Mendes Ford, who holds a masters degree in instruction and is a “guest teacher” at Littleton Public Schools, says her family moved to Littleton three years ago “for the great schools and the suburban feel of this small city.” She serves on her homeowners’ association board as communications director, managing its social media and publishing its quarterly newsletter. She says Littleton needs more affordable housing to get more people to live here and that it needs to be in the proper location. She would like to see a transportation study to see if traffic can be re-routed from where it is presently congested. Mendes Ford likes the feel of downtown’s Main Street.
Scott Melin is running for city council “to ensure that Littleton has a thriving future for people and families of all ages.” On housing, Melin said that the city “can encourage affordable housing and have influence by its zoning code.” On seniors who want to downsize, he says “The city studied the question. We need it. South Broadway may be a good location, but we need to address transportation issues.” On higher density housing, Melin answered “I’m for balance. There are places in the city that might be appropriate for increased density, possibly for seniors, to make it affordable.”
Schlachter views the Next Gen Advisory Committee as a major accomplishment in his first two years on city council because it is a way to get “input from young people who are hard to reach.” Asked about his position on the short-term rental ordinance, which failed to win a majority at city council, Schlachter said, “Why can’t people own five short term rental properties? We need to do something.” To get affordable housing in the city, Schlacter said, “We need to allow additional dwelling units.”
On October 2, the city council of Cherry Hills Village approved a balanced budget for 2020 of revenues and expenditures totaling $7.4 million each, including the paydown on the certificates of participation issued for the new city hall that was completed this year and the relocation of the public works department to Sheridan in 2018. The budget includes 46.5 full-time employees, including police officers, unchanged from 2019.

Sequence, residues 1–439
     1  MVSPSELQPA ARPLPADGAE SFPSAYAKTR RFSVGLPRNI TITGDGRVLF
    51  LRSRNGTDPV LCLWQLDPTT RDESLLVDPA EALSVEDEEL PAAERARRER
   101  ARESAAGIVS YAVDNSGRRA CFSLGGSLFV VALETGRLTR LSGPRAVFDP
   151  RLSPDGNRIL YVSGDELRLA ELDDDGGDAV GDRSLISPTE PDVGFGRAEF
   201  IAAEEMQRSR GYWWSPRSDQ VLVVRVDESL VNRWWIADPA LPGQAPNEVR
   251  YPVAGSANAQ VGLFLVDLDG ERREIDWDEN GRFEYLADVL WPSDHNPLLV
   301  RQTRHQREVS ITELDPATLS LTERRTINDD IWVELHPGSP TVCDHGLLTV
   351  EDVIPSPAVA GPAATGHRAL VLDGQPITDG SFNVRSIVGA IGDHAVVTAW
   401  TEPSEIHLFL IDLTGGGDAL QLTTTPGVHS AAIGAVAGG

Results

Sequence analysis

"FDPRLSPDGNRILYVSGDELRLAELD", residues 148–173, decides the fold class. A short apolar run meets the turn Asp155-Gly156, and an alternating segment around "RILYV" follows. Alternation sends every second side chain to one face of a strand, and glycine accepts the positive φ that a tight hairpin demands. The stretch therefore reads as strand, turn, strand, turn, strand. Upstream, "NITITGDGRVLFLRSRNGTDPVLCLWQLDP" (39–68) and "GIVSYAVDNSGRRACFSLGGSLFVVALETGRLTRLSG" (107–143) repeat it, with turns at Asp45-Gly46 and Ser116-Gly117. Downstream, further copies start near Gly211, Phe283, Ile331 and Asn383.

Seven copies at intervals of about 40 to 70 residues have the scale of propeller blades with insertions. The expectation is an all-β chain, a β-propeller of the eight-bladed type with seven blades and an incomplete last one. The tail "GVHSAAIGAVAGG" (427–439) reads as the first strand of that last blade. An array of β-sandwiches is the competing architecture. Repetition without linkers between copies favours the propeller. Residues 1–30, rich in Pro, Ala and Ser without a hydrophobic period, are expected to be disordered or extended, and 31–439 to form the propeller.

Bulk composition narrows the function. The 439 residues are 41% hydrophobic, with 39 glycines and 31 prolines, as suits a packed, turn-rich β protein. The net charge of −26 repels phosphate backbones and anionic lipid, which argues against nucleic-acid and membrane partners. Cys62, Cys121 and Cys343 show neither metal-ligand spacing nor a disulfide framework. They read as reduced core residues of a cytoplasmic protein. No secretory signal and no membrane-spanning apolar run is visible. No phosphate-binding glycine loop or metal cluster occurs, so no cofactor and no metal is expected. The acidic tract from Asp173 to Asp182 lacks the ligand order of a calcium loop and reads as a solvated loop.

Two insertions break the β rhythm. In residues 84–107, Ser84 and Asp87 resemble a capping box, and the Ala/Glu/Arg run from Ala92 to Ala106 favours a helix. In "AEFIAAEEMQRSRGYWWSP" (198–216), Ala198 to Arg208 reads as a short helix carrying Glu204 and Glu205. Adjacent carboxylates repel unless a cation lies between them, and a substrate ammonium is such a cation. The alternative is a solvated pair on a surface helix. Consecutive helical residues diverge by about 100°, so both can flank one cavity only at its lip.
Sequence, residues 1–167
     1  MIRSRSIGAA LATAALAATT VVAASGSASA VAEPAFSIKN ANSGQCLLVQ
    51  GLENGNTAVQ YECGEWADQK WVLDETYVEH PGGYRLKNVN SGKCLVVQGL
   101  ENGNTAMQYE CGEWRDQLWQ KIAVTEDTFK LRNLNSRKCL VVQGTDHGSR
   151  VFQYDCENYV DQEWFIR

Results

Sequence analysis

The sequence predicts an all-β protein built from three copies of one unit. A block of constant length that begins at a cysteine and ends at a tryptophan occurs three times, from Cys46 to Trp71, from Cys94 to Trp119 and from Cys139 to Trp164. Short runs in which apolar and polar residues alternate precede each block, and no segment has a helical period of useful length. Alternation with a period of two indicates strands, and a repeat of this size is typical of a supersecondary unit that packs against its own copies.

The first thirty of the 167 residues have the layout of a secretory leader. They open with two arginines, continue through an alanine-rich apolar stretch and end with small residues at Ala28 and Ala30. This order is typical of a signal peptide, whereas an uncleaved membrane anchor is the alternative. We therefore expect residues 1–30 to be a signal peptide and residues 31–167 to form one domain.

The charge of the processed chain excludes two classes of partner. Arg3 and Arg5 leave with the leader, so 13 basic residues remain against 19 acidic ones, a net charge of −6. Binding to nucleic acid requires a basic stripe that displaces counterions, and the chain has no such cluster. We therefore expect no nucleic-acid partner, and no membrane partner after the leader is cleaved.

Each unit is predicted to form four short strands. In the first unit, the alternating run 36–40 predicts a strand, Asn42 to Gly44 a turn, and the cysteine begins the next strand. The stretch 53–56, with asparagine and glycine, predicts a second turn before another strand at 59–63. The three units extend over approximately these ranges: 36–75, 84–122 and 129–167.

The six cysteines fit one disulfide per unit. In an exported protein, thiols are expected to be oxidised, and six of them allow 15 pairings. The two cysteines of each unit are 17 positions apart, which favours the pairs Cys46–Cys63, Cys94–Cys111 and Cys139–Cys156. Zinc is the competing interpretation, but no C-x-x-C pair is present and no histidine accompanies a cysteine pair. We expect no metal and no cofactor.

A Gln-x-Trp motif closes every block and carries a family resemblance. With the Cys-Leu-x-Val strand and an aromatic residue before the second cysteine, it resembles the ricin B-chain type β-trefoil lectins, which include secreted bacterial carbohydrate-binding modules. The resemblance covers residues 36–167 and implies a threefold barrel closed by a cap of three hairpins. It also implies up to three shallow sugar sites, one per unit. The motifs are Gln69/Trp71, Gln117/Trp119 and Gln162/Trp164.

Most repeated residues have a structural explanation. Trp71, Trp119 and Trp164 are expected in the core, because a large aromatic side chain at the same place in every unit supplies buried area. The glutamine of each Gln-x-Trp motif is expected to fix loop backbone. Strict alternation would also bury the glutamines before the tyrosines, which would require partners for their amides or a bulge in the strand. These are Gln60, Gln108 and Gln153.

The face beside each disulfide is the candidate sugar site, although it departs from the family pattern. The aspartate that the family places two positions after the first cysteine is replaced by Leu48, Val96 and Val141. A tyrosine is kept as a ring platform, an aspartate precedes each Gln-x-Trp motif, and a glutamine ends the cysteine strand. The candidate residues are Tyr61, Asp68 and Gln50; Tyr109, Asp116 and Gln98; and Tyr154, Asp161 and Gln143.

The estimated revenue for the current year of 2019 is also $7.4 million, however estimated expenditures for the current year are $6.8 million. The operating gain of $600,000 is being added to CHV’s general fund balance, which is projected to be $8.9 million at the end of 2019 and also at the end of 2020 due to the balanced budget.
The city’s mill levy remains at 7.30 mills. Property taxes, collected by Arapahoe County, are CHV’s largest single revenue source, at 36 percent of total revenues, followed by sales tax and use tax on the sales and lease of licensed motor vehicles, which each provide 14 percent of CHV’s revenue.
Public Safety, consisting of 24 sworn police officers and necessary administrative support, absorbs 45 percent of the city’s budget, followed by administration at 23 percent and public works at 14 percent.
The city keeps its share-back revenue from the 0.25 percent county sales tax designated for the acquisition and maintenance of open space separately in its Arapahoe County Open Space Fund 14. That fund will start 2020 with $1 million and end it with $510,000 after spending $300,000 on the Hampden underpass trail/bridge project (along with $225,000 provided by a grant from Arapahoe County) and $314,000 at John Meade Park.
South Suburban Parks and Recreation, Arapahoe County Open Spaces and the City of Littleton celebrated the improvements at Progress Park in Littleton Sept. 30. The 60-year-old park features brand new amenities, including a nature-themed playground with separate areas for children ages 2-5; and children ages 5-12; an enlarged pavilion, available for rent; a new restroom and trails that connect to the regional Big Dry Creek Trail.
The park is located just east of Cornerstone Park and south of Belleview Avenue.